Description And Comments

Note: As part of the Frozen Fun promotion, Animation Academy is currently only featuring classes on how to draw Olaf the snowman. There is no word on when or if the other Disney/Pixar characters will return to the schedule.

The Disney Animation building houses a total of ten shows, galleries, and interactive exhibits that collectively provide a sort of crash course in animation. Moving from room to room and exhibit to exhibit, you follow the Disney animation process from concept to finished film, with a peek at each of the steps along the way. Throughout, you are surrounded by animation, and sometimes it's even projected above your head and under your feet!

Because DCA's Animation building is not an actual working studio, the attraction does not showcase artists at work on real features, and the interactive exhibits are more whimsical than educational. Sorcerer's Workshop, for example, is an interactive exhibit where you can act and sing with various cartoon scenes through a touch-screen computer interface.

The Animation Academy, hosted by a Disney cartoonist, teaches you how to draw a Disney character; if you have any artistic inclination, you may consider it DCA's best-kept secret and find yourself taking the class repeatedly, as a Salt Lake City reader suggests:

[Animation Academy] turned out to be one of my absolute favorite things. I did it four times in a row and would have gone more if I wasn't starving. I plan to devote quite a bit of time to it on my next trip. I don't think you give it enough credit in your book.
And from a Sammamish, Washington, mom:
I agree with the reader comment that you do not give enough emphasis to the Animation Academy drawing classes. I took three, and they were the highlight of the trip. I have no drawing ability whatsoever, but following along with the instructor I was able to make a pretty decent Donald, a passable Mickey, and a Pooh Bear, although he looked like he was in a car accident. My 4-year-old loved drawing along, my husband loved it, and my 2-year-old loved scribbling on her paper and drawing board. It was fun for the whole family.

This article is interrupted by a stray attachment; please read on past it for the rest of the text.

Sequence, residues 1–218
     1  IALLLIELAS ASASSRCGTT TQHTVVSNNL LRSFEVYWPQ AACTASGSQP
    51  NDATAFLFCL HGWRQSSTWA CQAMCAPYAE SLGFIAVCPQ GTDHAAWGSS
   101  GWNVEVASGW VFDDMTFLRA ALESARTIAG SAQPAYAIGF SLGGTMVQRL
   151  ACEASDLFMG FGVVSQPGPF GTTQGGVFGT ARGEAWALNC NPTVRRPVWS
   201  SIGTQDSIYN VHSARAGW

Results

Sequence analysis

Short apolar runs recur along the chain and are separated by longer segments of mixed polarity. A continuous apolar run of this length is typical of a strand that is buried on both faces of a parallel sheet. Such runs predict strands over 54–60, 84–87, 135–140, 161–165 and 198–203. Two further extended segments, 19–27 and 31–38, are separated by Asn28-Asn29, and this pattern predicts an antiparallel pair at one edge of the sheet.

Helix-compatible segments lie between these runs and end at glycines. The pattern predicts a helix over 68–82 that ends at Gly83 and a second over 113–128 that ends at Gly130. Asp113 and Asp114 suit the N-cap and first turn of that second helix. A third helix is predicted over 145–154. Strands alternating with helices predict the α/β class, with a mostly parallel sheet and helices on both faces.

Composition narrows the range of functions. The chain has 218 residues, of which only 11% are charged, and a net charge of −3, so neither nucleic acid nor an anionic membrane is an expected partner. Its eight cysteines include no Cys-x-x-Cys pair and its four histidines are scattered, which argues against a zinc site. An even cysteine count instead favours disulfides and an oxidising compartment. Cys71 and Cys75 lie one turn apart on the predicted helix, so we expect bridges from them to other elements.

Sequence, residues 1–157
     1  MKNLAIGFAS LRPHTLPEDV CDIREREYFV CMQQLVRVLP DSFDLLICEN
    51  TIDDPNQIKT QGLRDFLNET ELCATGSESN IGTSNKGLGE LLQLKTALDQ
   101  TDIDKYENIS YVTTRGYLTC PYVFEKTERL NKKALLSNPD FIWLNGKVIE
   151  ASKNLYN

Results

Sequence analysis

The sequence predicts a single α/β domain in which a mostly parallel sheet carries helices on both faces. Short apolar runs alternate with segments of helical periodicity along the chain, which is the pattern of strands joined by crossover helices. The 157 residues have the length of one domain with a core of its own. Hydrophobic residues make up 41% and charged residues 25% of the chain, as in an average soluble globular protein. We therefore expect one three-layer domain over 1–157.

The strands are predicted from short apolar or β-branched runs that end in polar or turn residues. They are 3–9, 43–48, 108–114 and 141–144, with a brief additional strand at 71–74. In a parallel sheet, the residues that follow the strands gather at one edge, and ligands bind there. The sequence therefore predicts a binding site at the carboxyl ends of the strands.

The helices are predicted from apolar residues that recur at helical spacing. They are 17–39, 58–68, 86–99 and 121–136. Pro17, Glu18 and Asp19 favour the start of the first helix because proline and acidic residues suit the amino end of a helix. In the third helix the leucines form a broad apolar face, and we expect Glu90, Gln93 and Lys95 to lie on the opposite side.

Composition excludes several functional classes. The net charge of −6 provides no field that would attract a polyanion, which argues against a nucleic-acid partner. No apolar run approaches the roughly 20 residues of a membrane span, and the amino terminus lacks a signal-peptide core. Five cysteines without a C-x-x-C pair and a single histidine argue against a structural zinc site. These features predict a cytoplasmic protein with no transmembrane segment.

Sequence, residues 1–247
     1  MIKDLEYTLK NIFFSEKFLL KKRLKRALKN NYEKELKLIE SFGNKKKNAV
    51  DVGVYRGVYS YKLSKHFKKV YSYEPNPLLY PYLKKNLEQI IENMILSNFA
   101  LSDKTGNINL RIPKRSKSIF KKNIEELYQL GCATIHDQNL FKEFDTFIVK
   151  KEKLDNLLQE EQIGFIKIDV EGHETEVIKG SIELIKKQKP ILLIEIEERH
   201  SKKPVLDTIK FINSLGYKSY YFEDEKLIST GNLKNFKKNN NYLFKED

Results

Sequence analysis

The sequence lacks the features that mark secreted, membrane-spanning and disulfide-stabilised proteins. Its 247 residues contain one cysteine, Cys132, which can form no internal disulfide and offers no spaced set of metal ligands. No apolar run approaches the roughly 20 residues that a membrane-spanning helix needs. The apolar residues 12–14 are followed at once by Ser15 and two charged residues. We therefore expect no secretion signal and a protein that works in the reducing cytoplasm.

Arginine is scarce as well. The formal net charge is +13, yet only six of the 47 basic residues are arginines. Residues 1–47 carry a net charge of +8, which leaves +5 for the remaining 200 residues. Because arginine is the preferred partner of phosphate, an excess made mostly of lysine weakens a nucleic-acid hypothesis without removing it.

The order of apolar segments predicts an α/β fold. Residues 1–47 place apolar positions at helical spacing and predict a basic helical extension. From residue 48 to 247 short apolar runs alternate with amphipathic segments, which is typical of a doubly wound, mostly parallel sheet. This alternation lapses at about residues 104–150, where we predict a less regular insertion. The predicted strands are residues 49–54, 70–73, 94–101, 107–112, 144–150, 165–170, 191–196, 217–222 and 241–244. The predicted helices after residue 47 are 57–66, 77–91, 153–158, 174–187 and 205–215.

Turtle Talk with Crush is also located here, featuring the 152-year-old sea turtle from the Disney/Pixar film Finding Nemo. Originally developed for the Seas pavilion at Epcot, Turtle Talk with Crush was the first attraction to incorporate the technology of real-time animation. Here, Crush answers questions, jokes, and makes conversation with guests in real time. The animation is brilliant, and guests of all ages list Crush as their favorite Animation-building feature.

Both Sorcerer's Workshop and Animation Academy provide a good foundation on the animation process and will enhance your appreciation of the other exhibits. Finally, for a WOW! moment, be sure to check out the amazing zoetrope (no, don't worry, it's not that thing that the urologist threatened you with).

Touring Tips

On entering the Animation building, you'll step into a lobby where signs mark the entrances of the various exhibits. Look up in the lobby for a moment at the ultra-hi-def oversized projections of animations in process, including Disney and Pixar's latest hits. It takes 40-55 minutes to do all the interactive stuff and see everything. You probably won't experience much of a wait for the Disney Animation offerings except on weekends and holidays. Even then, the Animation building clears out considerably by late afternoon.

Special Comments

Quite amusing, though not very educational

Blog Posts on Animation Academy
Observations from Disney California Adventure - April 30, 2014

Special Needs

Other Attractions in Hollywood Land

Touring Plans with Animation Academy

What is a Touring Plan?